Last updated on October 22nd, 2020 at 12:01 am
CEFALY vs. NERIVIO vs. GAMMACORE vs. SPRING TMS. NEUROMODULATORY DEVICES FOR MIGRAINE AND CLUSTER HEADACHE: WHAT ARE THE DIFFERENCES AND WHICH IS BEST?
Cefaly vs. Nerivio, Nerivio vs. GammaCore, Cefaly vs. GammaCore, Nerivio vs. SpringTMS, Cefaly vs. SpringTMS, GammaCore vs. SpringTMS. These are common questions that patients have about migraine neuromodulation devices. Many patients do not respond to conventional migraine abortive medications, they do not tolerate them, do not like taking medications, or they cannot take them due to medical contraindications. These standard migraine abortive options are discussed here. Luckily, there have been several neuromodulatory devices for the treatment of migraine which have entered the market over the last few years. These non-invasive neuromodulation devices open up new migraine treatment options for those in these sensitive and difficult patient populations, including pregnancy as well. These also avoid the complications of medication overuse headache (rebound headache) that is often an issue with using too much abortive migraine medication, as discussed in greater detail here.
But do they really work? Is one better than the other? Do they hurt? Are they used for abortive or preventive treatment? Are they expensive? Does insurance cover them? How do they compare, and is one best for you? This blog will address all of these questions.
These devices include Single-Pulse Transcranial Magnetic Stimulation (sTMS) (SAVI, SpringTMS, sTMS mini), external trigeminal nerve stimulation (eTNS) (Cefaly), noninvasive Vagus Nerve Stimulation (nVNS) (GammaCore), and the most recent, wireless remote electrical neuromodulation (REN) (Nerivio). We’ll discuss these devices in the order in which they became available and FDA cleared. The table further down is a summary of comparison data between devices gathered from published studies and directly from the companies as well. It’s important to keep in mind that the data in this table are not from head to head studies between devices. Each of these devices had separate study designs (which were quite varied), and the results of those studies is what is reflected here, certainly not a direct comparison between devices. All devices require a prescription from your doctor. Pricing and intermittent promotional specials can be found on each device’s website and some of these are discussed below. Sometimes the long-term costs equal out or can even be less than the cumulative cost of many medications and treatments used abortively and preventively.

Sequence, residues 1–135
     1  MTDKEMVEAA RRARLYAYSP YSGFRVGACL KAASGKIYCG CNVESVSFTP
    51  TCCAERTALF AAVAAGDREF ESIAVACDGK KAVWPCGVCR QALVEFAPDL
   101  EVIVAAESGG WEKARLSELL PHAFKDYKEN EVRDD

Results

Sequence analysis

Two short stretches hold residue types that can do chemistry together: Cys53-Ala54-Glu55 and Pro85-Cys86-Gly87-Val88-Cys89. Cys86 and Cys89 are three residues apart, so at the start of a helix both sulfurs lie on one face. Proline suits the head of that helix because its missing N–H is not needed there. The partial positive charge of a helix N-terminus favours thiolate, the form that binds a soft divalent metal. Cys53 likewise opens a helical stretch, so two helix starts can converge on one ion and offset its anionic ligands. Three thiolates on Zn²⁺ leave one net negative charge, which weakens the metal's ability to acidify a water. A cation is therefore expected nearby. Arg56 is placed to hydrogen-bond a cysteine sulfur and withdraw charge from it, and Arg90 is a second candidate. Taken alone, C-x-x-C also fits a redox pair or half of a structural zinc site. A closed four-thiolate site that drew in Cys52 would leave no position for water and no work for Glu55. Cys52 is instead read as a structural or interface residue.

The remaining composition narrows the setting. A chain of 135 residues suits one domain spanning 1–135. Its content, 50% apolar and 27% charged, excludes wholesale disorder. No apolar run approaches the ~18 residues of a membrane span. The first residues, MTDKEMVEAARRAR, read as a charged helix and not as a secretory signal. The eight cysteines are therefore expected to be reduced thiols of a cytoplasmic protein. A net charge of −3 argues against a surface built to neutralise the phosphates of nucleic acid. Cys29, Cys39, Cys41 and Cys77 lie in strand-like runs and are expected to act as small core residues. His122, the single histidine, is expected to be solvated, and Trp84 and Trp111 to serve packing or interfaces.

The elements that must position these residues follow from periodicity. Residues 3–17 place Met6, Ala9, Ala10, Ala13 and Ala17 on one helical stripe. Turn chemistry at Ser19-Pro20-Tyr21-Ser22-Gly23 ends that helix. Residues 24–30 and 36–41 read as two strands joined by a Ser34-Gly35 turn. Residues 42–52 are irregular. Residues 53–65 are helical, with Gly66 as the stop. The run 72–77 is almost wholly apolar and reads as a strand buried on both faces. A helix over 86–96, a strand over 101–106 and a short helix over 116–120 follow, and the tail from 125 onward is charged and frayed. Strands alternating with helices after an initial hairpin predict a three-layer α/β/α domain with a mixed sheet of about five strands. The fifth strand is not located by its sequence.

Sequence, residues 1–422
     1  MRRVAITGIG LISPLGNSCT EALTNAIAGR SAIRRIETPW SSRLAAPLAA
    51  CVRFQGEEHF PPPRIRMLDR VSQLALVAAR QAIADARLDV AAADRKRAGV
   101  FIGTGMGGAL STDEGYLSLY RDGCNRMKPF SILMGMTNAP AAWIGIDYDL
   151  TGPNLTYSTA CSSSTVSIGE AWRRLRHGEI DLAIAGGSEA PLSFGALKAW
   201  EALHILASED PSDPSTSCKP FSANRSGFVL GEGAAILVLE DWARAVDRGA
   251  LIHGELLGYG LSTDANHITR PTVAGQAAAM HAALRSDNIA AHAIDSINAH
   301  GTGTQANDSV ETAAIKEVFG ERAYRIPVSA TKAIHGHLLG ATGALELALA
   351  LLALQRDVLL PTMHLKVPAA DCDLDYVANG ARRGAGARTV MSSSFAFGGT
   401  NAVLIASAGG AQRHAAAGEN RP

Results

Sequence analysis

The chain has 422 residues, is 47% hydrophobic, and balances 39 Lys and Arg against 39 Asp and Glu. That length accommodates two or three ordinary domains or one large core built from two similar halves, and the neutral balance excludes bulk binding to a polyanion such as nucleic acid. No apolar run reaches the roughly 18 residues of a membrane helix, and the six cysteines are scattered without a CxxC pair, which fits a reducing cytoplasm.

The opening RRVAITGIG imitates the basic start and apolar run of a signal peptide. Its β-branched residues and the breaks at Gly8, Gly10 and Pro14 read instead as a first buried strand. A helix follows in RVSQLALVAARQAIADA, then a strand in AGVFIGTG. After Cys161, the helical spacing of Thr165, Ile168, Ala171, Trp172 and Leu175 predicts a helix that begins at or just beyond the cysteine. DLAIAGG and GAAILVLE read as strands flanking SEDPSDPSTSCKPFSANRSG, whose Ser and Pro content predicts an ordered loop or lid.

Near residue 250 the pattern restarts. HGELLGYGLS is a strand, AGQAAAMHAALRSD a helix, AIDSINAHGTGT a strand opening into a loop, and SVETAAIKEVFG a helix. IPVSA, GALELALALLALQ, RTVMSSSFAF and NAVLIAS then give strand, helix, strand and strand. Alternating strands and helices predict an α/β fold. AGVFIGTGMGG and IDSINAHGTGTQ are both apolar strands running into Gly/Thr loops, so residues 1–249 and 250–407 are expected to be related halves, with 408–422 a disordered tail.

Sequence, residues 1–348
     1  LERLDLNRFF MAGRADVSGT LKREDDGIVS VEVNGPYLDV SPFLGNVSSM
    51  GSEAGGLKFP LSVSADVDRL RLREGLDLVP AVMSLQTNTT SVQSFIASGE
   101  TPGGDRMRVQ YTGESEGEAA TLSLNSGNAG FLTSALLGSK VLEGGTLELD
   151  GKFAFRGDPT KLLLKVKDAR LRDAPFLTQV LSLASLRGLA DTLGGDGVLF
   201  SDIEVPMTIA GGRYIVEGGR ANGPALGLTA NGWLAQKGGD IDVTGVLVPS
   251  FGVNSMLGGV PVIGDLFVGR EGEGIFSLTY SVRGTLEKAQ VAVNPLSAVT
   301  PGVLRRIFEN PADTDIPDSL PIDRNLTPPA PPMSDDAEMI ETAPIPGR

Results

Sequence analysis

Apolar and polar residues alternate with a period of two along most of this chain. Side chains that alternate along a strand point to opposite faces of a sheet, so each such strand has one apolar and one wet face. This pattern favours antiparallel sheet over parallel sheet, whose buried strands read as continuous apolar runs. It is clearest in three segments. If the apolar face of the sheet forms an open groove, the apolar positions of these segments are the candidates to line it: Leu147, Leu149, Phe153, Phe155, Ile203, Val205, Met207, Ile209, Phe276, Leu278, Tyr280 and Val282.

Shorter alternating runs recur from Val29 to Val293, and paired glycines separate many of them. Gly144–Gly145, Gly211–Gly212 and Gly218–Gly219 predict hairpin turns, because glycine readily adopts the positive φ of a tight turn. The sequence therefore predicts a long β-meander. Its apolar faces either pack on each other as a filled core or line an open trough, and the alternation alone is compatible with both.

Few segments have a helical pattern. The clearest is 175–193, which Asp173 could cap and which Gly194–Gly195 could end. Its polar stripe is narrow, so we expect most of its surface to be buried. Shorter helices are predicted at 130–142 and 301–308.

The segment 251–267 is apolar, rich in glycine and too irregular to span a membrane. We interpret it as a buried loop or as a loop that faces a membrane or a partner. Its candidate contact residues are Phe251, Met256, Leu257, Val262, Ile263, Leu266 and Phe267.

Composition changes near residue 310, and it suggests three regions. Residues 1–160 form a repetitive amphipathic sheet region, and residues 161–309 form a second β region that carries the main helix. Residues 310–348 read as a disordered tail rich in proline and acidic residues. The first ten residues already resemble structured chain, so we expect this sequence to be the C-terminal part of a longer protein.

SINGLE-PULSE TRANSCRANIAL MAGNETIC STIMULATION (sTMS)
The first device which was FDA cleared was the Single-Pulse Transcranial Magnetic Stimulation (sTMS), made by the company eNeura. It was initially FDA cleared for the acute treatment of episodic migraine with aura in adults in December 2013. It then received FDA clearance for both acute and preventive treatment of migraine in adults in 2017. This clearance was then expanded to the acute and preventive treatment of migraine in children 12 years of age and older in February 2019. Prior models included the Spring TMS and sTMS mini. The newest model, SAVI, is currently the only FDA cleared device for both the acute and preventive treatment of migraine in adults and children 12 years of age or older. Since the device is used acutely and preventively, the FDA approved it for a maximum of 17 pulses per day.